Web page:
Life is full of instances where taking a decision seems to be extremely challenging. The task is even more difficult if the decision concerns the medical treatment for a loved one that is incapable of deciding for him or her self. Deciding health care matters for patients that cannot do so is emotionally wrenching for families and represents an ethical dilemma for physicians. This difficult scenario is better illustrated with the Terri Schiavo case.
Terry Schiavo Sad Case.
Ms. Schiavo was sustained by artificial hydration and nutrition through a feeding tube for 15 years after suffering a cardiac arrest, triggered by extreme hypokalemia caused by an eating disorder. Ms. Schiavo’s husband, Michael Schiavo, faced a public legal struggle with his wife’s parents and siblings about whether Ms. Schiavo’s life-sustaining medical treatment should be continued or stopped. Mr. Schiavo and the two neurologists that he selected to testify in court stood for the position that Ms. Schiavo’s condition met the criteria for a persistent vegetative state and believed that her treatment should be stopped. Ms. Schiavo’s parents, siblings and the neurologists testifying in court for Ms. Schiavo’s estate stood for the position that Ms. Schiavo’s condition could improve in the future and believed that treatment should be continued.
After years of legal battle, Mr. Schiavo was able to terminate his wife’s life-support treatment. By then, however, his family had been tainted by bitter moments trying to guess Ms. Schiavo’s desires regarding life-sustaining medical treatment. This could have been avoided if Ms. Schiavo had left her written wishes about receiving life-support treatment in a living will. With a proper living will, Ms. Schiavo could have decided under which circumstances she desired life-support machinery, and under which ones she did not.
5 Steps to Create an Efficient Living Will
- Appoint a health care agent: You appoint someone as your health care agent with a durable power of attorney known as Designation of Health Care Surrogate. Your agent will have the legal authority to make health care decisions for you if you are no longer able to speak for yourself.
- Attach a signed HIPAA release form: You must provide your health care provider with a HIPAA release form so that he can discuss your medical information with your agent. It is wise to provide a release form to all of your physicians and insurance carrier.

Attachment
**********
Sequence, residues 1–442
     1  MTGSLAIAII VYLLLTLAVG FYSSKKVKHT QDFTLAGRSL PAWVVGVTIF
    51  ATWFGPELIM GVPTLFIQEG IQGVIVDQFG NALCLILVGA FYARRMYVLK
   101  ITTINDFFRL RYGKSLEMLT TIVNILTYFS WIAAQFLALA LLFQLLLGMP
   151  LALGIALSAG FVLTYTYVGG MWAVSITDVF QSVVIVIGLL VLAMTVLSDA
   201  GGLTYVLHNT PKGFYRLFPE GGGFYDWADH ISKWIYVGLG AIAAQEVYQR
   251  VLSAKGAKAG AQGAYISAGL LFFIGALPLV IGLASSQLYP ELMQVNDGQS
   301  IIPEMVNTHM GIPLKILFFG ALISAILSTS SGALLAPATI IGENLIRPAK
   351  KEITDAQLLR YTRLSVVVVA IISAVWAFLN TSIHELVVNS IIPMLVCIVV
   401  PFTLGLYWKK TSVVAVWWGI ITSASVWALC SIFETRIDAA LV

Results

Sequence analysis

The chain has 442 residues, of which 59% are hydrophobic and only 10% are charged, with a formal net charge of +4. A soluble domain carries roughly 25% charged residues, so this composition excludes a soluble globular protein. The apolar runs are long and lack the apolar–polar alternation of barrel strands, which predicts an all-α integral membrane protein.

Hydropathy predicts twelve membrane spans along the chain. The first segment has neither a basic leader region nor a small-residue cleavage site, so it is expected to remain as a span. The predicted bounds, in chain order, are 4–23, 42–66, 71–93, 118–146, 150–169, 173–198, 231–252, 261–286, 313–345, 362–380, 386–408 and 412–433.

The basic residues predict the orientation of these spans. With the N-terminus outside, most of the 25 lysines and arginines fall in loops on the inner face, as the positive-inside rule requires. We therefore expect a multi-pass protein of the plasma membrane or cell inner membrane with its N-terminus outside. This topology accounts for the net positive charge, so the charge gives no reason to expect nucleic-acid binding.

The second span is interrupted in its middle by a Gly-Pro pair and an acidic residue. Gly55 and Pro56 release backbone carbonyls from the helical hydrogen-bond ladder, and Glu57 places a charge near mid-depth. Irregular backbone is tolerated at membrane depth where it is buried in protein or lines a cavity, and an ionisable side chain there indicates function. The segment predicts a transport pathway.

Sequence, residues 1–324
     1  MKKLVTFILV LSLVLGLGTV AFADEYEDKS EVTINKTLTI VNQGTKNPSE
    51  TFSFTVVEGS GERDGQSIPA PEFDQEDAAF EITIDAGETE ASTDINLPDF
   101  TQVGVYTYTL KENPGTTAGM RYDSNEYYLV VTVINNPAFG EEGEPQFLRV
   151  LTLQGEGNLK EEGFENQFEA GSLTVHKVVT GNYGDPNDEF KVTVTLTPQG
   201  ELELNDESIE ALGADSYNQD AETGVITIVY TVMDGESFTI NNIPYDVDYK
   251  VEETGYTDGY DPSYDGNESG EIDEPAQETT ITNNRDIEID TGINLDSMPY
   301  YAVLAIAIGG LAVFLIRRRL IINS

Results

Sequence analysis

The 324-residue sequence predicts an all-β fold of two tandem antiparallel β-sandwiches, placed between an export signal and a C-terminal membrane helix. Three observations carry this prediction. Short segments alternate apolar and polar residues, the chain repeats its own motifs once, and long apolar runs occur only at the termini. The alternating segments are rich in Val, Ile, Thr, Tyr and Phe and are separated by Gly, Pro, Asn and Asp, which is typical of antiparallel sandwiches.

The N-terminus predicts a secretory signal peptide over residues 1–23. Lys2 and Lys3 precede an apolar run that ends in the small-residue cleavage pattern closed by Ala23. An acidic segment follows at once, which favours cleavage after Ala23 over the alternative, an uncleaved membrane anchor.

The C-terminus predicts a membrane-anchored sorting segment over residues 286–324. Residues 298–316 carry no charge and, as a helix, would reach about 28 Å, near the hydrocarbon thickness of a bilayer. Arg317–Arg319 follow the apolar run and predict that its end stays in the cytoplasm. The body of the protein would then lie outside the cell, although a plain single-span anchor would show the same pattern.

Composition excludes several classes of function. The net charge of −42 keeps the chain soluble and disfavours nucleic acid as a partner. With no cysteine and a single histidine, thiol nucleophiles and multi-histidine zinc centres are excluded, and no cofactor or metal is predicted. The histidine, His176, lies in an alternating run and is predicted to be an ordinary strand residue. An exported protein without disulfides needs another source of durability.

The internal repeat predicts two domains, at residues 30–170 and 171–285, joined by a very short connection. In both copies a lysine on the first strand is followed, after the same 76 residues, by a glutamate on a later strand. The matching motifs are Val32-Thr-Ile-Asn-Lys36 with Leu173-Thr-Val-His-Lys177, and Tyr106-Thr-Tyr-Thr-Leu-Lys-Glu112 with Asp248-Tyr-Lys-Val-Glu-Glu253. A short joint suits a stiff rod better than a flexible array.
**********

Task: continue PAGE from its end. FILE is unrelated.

- Draft instructions for health care: Write instructions for your future health care outlining your wishes about life-sustaining medical treatment in the event that you can no longer speak for yourself. Your agent will be directed to implement your written instructions. This will be your living will.
- Revise: Your written instructions must be absolutely clear to be enforceable. Moreover, your written instructions must clearly answer the question about life-sustaining care.
- Notify your attending physician: Once you draft your living will, it is your responsibility to notify your physician that you have a one. Also, it is important that you discuss your health care desires with your physician. He or she is likely to be the one carrying for you if your instructions become relevant and is more likely to honor requests that have been communicated to him or her directly.
Often a living will is part of a more complex document which also contains a designation of health care surrogate and a HIPAA release.
You must sign your living will in the presence of two subscribing witnesses. The witnesses cannot be your spouse or your blood relative. If you cannot sign your living will, then one of the witnesses must subscribe your signature in your presence and at your direction. While you are not required to seek legal advice to prepare a living will, it is a good idea to do so to ensure that the actual instructions for your wishes are stated accurately. For assistance in drafting a living will in Florida, call the Law Office of David M. Goldman PLLC at (904) 685 – 1200.